On Friday, the last day of my spring break, I decided to not work. Instead, I planned to go on a trip out of state and overnight. Now, I'm not yet 21, so it would take some planning and research to find a good hotel that would allow me to check-in. I knew that I would need to check because I've nearly been turned away at a hotel that I had made reservations for in advance. (Luckily, they let me stay since I was only in the state for a wedding- in Georgia, instead of Indiana.) This time, I chose to go over to Ohio, to visit some places in Dayton and Columbus.
1. Choosing where to travel to
There are many steps to successfully traveling alone, and choosing where to go is the first one. When you decide to go and travel, you want to go somewhere that you find interesting or that you know would be fun. Most families will choose to go to a park or a zoo or somewhere that it kid-friendly, but as adults or college students who are free to travel on their own or with friends, places like Kings Island or Six Flags are some options besides bars or clubs or the beach. Places like amusement parks or museums are popular places to go in other cities, but museums are definitely the cheaper option. Once you choose a city or activity to do, you have to find out how long you'll be there and where you will stay.
2. Finding a place to stay (if its overnight)
This is where you choose a hotel or inn to sleep in, especially if you're going alone and can't drive the whole night long or sleep in your car. Websites like TripAdvisor or Expedia are good places to go to find a hotel or things to do in the city of your choosing. Expedia, my personal choice, is easy to use, and makes booking a hotel room easy. I can choose a room based on price, customer reviews, and the hotel's own website. Some hotels only accept check-ins from people over the age of 21, while others don't care as long as you are over 18. (As someone who is almost 21, this is one of the most annoying things about traveling, since they won't rent you a car until you're 21 as well.)
3. Smart budgeting for the trip
While booking is easy, the cost of the trip adds up, and making sure that you have the funds to go is important. If you don't already have an accurate idea of the amount of money in your account, figuring out exactly how much you have is important. Then comes the task of figuring out how much it will cost to travel: the hotel, the gas, the food, and of course, how much you'll spend at the places you're going-whether that's the park or a concert.
4. Time management
Once you have all the money figured out, and a hotel room reserved, if you need one, it's a good idea to figure out how long you'll be driving, how long you want to spend at every place you go to and maybe even when you'll eat. When you know how long it's going to take you to get to the museum, you can plan when you need to get up, get breakfast, and leave to get there when it's open. If you know how long you'll be driving, you can figure out a playlist on your phone to play as you drive without worrying about finding a good radio station. Maybe I'm a little bit of a perfectionist, okay more than a little bit, but I like to know what I'm going to do and how long it'll take to get things done. I like to have a plan for how long it will take me to get through the National Air Force Museum and when I'll start heading home.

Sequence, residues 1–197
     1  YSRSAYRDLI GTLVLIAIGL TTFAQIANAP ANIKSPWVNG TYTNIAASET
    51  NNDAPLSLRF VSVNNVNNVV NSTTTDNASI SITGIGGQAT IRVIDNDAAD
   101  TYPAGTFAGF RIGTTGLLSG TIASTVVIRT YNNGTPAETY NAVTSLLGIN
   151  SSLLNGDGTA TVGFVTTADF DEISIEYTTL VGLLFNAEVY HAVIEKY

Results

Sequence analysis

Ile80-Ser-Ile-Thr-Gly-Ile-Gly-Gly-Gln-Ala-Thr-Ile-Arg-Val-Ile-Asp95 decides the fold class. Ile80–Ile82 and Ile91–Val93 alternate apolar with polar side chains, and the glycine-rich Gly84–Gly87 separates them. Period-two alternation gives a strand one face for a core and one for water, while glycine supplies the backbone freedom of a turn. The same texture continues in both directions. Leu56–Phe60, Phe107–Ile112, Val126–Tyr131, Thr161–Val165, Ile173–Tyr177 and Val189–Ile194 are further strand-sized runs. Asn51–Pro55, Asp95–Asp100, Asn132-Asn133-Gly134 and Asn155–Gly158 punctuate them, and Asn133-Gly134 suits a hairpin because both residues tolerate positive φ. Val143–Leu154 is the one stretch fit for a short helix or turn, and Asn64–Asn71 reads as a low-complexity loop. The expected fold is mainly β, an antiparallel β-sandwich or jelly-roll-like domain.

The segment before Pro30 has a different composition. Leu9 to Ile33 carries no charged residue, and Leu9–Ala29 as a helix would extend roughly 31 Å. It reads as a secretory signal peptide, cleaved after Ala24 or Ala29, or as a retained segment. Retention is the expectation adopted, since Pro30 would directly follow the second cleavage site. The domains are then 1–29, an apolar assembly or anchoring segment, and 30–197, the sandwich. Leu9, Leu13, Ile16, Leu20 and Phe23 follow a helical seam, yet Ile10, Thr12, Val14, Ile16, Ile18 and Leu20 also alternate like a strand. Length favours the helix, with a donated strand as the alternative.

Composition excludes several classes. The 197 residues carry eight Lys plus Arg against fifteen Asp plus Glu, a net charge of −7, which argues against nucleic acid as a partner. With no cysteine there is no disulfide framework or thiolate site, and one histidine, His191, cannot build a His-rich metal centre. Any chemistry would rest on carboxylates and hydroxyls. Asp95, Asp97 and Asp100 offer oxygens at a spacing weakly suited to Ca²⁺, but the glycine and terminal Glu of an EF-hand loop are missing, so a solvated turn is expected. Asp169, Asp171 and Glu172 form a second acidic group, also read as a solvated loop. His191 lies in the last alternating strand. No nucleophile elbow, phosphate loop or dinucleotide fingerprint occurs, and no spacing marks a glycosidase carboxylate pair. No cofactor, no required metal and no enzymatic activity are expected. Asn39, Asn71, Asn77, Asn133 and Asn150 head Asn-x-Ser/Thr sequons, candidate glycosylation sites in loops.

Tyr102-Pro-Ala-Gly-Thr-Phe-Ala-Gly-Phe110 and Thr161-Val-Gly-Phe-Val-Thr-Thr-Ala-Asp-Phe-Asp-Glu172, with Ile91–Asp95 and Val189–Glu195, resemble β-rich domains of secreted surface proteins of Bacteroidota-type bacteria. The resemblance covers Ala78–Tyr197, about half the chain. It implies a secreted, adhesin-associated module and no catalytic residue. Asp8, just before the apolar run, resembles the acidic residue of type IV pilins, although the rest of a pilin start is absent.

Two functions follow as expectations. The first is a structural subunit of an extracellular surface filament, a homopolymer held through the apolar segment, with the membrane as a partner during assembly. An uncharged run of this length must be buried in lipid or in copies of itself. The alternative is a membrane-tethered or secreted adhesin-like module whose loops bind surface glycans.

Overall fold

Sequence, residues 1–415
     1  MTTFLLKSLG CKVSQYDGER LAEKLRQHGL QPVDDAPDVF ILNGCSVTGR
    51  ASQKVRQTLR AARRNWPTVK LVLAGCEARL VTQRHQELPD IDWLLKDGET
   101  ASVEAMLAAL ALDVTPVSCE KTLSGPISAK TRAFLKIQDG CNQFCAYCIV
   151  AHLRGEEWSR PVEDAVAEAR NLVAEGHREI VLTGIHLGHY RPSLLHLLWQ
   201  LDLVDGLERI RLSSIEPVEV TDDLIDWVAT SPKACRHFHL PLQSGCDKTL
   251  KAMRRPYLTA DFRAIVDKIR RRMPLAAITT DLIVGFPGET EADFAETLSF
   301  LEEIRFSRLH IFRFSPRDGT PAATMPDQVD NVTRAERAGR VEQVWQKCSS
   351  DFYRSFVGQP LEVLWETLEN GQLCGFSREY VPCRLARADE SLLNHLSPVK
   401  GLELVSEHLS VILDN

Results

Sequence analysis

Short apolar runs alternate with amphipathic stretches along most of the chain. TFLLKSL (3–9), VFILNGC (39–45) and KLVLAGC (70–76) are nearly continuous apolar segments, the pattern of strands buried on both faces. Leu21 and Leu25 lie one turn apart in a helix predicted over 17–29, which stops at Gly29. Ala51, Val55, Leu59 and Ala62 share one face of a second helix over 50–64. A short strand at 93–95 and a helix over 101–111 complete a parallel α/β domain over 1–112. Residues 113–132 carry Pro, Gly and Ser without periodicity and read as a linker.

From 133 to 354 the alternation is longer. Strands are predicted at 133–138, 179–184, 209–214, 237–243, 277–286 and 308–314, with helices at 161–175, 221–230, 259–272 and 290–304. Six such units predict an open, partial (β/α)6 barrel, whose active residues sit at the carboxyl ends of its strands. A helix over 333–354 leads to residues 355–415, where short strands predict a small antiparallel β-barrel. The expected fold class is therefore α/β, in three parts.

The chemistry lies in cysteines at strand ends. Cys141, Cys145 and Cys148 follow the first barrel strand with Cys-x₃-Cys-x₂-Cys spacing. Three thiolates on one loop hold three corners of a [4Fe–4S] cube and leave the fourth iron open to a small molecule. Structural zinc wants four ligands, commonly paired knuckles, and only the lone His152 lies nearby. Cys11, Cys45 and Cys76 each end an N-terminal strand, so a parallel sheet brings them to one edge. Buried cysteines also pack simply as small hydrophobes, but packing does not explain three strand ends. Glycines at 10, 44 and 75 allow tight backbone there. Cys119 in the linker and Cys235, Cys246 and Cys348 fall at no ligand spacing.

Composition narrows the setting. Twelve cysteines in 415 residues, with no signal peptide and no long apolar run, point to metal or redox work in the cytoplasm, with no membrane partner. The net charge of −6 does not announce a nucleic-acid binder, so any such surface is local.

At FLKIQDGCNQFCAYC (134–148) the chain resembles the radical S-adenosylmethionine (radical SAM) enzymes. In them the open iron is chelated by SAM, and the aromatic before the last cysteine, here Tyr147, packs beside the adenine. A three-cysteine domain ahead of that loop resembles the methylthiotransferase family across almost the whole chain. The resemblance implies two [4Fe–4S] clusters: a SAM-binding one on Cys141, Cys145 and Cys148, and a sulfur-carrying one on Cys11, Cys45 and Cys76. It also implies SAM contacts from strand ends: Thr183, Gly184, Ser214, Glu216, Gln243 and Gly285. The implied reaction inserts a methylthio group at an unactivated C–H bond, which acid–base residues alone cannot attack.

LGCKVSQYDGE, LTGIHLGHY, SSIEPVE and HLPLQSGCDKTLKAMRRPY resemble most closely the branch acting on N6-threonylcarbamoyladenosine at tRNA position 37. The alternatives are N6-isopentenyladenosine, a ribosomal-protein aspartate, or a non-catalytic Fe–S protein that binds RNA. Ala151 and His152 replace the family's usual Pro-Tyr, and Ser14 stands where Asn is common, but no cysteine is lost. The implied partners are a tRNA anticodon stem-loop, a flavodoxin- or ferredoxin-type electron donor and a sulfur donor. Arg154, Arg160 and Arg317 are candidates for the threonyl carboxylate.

5. Don't forget to download Maps and Waze
The freeing, or terrifying (depending on your view of it), thing about going alone, is that you only have your phone to guide you. Siri becomes your best friend and you pray that you don't run out of data or go out of range of your cell tower. when you don't know which exit to take or whether to turn right or left, your phone becomes your best friend, and keeping it charged is a priority. Just make sure you packed a charger for all of the electronics you take with you- the one time you don't bring your Kindle charger is the one time it dies after three pages of a good book.
6. Bring only the necessities
Speaking of packing, when you go on a trip and actually remember all of the things you need, you feel like an accomplished adult. If the fact that you made it to where you were going didn't make you feel grown up, knowing that you didn't actually forget anything important helps. When you can make it to a fun place, have a great time, and come back with great memories and some good stories to tell your friends, you can finally say that you've started to become independent in a way that doesn't include paying your own bills (although that's good to do as well).
Now that I've gone on this trip, made it to places and made plans on my own, it makes me want to go more places, to travel more, and it makes me more confident about my ability to do things on my own. As I head back to college this week, hopefully, these feelings will stay with me. I know that this summer will most likely be filled with more trips like this to places I want to go see, even if I go alone. If you want to go see something or to go do a certain activity, on't hold back because you don't have someone to go with you, find a way to go on your own. It's a small step to being more confident in who you are, if not who you want to be.